“Our hope is that by providing this better-organized street and a higher-quality connection for people traveling by foot, by bicycle or by vehicle from Union Station to the Civic Center, we can help provide greater safety and better awareness of all the people that are moving around, so that we can ensure that people feel more comfortable and feel more comfortable taking transit to and from the Civic Center,” Mitchell said.
Protected bike lanes are not new. Residents in Northridge have had a taste of them along Reseda Boulevard since the city introduced them last year, according to Mitchell.
The protected lanes separate bikes from cars using plastic bollards or other physical barriers. In the case of Reseda, cars park away from the curb, allowing bicyclists to ride in the space between.
Los Angeles Street will use bollards and “transit islands,” which provide additional safety and efficiency for bus riders. These concrete islands are set away from the sidewalk and on the other side of the bike lane. This arrangement will allow buses to stop without pulling over and blocking the bike lane, and it will also mean, presumably, that passengers can load up and the bus can get moving just a little bit faster.
Motorists approaching these bike-signaled intersections will notice other changes, too. Flashing yellow left and right turn signals will warn drivers to yield to pedestrians and other oncoming traffic.

Flashing yellow right turn signals for drivers are seen along with a red bike signal at the intersection of Los Angeles and Temple streets in downtown L.A. A "transit island" for bus riders and plastic bollards that mark the left side of a protected bike lane can also be seen in the distance.
Flashing yellow right turn signals for drivers are seen along with a red bike signal at the intersection of Los Angeles and Temple streets in downtown L.A. A "transit island" for bus riders and plastic bollards that mark the left side of a protected bike lane can also be seen in the distance.LA DEPARTMENT OF TRANSPORTATION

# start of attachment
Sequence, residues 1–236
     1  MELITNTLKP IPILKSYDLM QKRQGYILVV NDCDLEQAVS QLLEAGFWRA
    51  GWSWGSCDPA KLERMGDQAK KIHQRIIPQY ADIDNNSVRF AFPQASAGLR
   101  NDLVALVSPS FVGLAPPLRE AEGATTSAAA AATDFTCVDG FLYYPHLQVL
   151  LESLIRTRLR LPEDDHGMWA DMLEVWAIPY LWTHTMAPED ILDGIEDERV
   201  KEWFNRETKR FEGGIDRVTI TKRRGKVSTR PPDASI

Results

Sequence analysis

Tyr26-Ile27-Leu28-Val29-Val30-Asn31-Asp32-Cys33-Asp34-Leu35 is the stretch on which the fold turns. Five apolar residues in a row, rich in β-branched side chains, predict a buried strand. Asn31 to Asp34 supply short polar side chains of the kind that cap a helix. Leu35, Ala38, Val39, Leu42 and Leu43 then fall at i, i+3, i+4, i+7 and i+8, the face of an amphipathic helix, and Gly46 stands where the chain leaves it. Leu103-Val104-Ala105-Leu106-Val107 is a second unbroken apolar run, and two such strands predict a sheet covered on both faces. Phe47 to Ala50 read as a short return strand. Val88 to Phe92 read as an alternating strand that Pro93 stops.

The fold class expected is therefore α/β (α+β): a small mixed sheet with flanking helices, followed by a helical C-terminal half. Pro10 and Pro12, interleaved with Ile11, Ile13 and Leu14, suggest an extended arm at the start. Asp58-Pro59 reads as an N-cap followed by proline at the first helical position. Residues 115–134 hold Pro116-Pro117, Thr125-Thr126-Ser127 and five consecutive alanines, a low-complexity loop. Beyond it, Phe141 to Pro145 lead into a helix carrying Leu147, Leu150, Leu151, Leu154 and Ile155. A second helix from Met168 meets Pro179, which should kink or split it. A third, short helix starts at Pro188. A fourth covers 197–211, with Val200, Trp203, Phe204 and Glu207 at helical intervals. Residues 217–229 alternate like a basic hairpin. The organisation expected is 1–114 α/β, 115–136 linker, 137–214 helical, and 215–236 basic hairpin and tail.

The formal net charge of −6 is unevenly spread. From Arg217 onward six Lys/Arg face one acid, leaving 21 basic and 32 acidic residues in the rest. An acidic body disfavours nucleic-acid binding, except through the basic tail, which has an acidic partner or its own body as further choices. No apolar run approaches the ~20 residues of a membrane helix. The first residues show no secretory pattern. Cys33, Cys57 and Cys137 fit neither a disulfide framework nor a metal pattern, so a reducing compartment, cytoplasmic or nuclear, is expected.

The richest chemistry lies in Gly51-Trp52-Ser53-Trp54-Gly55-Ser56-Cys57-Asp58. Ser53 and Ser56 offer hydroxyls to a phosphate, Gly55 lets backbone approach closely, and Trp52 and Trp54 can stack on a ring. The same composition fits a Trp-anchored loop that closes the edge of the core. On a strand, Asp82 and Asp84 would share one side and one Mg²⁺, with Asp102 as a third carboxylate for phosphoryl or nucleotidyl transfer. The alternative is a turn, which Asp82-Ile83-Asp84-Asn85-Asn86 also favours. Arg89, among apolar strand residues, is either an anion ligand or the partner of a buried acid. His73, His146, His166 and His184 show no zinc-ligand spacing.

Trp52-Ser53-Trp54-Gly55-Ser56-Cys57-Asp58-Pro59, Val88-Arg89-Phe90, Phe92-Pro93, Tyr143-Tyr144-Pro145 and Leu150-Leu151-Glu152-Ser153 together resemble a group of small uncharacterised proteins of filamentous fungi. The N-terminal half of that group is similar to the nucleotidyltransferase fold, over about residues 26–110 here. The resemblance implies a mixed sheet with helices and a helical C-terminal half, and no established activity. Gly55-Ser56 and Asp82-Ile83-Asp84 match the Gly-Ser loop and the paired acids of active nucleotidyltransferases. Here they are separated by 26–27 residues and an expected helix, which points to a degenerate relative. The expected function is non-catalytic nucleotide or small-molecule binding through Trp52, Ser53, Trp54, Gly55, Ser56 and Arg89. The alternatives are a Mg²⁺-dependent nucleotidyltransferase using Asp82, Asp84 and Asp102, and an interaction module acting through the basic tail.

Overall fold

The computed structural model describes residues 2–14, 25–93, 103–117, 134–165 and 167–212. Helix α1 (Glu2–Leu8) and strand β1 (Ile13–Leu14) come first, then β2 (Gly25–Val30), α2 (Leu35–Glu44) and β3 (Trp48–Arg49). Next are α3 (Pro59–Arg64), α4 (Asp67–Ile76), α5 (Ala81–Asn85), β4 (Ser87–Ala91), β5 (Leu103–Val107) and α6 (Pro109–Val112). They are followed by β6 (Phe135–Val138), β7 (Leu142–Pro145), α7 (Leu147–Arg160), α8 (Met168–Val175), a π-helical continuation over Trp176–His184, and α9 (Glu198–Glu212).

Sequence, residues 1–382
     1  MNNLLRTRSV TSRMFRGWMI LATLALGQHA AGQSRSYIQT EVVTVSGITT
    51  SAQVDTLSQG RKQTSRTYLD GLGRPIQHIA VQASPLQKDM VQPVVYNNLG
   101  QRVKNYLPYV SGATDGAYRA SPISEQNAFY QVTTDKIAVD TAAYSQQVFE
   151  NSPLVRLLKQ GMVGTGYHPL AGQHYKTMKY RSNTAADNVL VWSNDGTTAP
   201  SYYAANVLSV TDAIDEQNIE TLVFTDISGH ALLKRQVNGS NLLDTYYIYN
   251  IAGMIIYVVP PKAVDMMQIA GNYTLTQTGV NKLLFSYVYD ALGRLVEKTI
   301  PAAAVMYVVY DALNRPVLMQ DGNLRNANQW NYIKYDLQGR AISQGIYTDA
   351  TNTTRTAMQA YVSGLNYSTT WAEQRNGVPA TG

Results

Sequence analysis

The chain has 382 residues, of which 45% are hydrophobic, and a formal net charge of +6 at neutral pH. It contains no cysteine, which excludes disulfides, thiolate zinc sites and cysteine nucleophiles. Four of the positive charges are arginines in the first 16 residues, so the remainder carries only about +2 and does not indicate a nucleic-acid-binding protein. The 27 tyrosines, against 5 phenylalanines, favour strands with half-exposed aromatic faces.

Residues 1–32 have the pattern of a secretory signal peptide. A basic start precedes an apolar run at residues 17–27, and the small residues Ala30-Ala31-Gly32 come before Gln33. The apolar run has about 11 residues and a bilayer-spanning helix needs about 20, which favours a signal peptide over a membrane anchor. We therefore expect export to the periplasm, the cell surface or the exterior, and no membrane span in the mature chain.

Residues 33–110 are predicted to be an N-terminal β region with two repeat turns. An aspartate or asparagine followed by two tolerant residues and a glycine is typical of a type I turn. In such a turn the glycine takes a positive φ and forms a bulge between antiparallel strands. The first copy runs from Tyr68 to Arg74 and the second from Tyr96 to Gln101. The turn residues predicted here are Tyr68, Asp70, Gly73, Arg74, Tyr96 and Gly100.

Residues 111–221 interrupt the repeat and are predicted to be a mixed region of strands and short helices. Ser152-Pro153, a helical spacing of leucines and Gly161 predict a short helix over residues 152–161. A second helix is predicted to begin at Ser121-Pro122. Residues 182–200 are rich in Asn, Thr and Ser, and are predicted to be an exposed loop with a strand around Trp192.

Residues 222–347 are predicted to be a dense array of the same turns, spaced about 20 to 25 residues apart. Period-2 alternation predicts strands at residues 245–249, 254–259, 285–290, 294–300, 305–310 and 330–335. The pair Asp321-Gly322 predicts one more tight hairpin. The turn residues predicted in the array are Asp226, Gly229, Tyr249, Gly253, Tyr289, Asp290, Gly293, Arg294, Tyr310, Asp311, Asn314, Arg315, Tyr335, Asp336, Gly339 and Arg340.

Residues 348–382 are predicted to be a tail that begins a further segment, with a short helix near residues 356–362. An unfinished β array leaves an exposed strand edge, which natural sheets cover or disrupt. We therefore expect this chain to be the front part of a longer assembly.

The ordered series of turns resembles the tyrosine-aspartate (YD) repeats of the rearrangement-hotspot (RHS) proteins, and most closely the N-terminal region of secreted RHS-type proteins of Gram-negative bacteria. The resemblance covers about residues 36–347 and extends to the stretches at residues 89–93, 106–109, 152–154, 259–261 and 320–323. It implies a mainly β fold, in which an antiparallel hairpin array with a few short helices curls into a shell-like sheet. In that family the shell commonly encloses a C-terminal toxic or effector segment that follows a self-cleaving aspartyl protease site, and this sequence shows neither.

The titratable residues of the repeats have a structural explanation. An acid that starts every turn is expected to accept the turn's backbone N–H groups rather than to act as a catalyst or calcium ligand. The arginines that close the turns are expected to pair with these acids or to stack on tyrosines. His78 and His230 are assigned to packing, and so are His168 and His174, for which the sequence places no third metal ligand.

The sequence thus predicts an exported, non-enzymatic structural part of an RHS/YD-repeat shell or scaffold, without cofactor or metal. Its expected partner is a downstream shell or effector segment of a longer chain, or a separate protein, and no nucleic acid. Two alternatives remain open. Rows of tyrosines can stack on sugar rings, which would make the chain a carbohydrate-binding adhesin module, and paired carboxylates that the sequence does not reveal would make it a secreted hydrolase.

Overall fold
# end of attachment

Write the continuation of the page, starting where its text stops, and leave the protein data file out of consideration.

A red light will indicate to drivers that they cannot turn right, while cyclists may see the green bike signal and can proceed safely through the intersection.
“There’s a great deal of research from throughout the country on the use of a flashing yellow arrow for making turns, and that research has been positive in improving safety and having benefits in, you know, clarifying movements to the people that are viewing them,” Mitchell said.
Angelenos may not be familiar with the idea of a bike traffic signal, but the idea has been catching on in other big cities, including Washington, D.C., New York, San Francisco, Portland and Seattle, according to Mitchell.
Still, don’t expect to see more of these signals pop up overnight. For now, transportation officials are monitoring the changes closely to see how well they work. Mitchell called it a kind of “learning lab.”
One other stretch of road could see the bike signals, and that’s Figueroa Street between the University of Southern California and 7th Street downtown.
A grant for the Figueroa Corridor Streetscape project, dubbed “My Figueroa,” requires construction to be completed by March 2017.

(Source: http://www.scpr.org/news/2016/06/16/61731/commuting-in-downtown-los-angeles-meet-the-city-s/)